The selloff was triggered by a 6.86 percent fall in China's Shanghai composite on Monday, which set off the newly placed circuit breakers, effectively halting trading.
"China doesn't like anything disorderly, and they got a taste of it on the first day of the year, and they tried to calm things down," Boockvar said.
"But China is only part of the picture. China's economy has been slowing for years. China's stock market obviously had its craziness last year, but the underlying context is the Chinese economy has been slowing for years, but it's a wake-up call to the markets that the U.S. economy is slowing down; the global economy is slowing down, and central bankers are losing their effectiveness in propping things up."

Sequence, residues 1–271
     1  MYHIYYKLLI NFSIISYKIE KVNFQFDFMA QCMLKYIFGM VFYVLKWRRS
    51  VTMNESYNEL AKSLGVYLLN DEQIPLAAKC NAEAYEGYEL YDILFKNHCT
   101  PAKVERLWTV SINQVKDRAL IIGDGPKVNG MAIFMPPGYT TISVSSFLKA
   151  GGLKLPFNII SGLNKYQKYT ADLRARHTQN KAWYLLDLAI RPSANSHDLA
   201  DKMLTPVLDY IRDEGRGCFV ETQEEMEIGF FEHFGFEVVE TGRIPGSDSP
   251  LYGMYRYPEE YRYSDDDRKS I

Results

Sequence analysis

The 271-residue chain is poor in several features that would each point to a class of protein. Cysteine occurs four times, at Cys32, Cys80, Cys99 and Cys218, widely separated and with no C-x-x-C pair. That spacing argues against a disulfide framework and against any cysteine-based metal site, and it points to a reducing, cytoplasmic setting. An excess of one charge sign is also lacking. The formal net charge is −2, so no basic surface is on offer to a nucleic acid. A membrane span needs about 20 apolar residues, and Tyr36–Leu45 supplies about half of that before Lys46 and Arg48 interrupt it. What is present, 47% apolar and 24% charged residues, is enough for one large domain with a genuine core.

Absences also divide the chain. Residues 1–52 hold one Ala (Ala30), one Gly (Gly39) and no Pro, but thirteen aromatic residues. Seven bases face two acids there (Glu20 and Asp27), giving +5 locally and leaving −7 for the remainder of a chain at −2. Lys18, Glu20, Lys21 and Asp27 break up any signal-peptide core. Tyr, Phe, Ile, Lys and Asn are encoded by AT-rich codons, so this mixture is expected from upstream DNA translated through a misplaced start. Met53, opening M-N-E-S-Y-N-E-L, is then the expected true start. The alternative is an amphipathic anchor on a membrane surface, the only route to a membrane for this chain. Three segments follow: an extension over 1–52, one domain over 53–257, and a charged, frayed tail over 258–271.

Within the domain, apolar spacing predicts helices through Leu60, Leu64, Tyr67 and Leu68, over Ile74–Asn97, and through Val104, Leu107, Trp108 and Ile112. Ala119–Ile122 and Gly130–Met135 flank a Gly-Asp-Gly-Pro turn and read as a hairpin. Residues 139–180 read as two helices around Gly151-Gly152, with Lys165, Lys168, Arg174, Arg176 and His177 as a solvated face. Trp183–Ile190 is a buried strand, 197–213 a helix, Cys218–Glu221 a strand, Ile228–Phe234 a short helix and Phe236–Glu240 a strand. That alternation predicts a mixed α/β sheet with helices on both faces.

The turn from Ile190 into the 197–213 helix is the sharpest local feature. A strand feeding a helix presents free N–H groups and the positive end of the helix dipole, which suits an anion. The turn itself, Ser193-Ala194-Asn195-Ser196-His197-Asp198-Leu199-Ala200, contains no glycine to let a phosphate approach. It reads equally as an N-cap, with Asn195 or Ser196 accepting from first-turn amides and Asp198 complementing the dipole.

U.S. manufacturing contracted in December, the Institute for Supply Management said Monday, while weak Chinese manufacturing data weighed on Asian equities.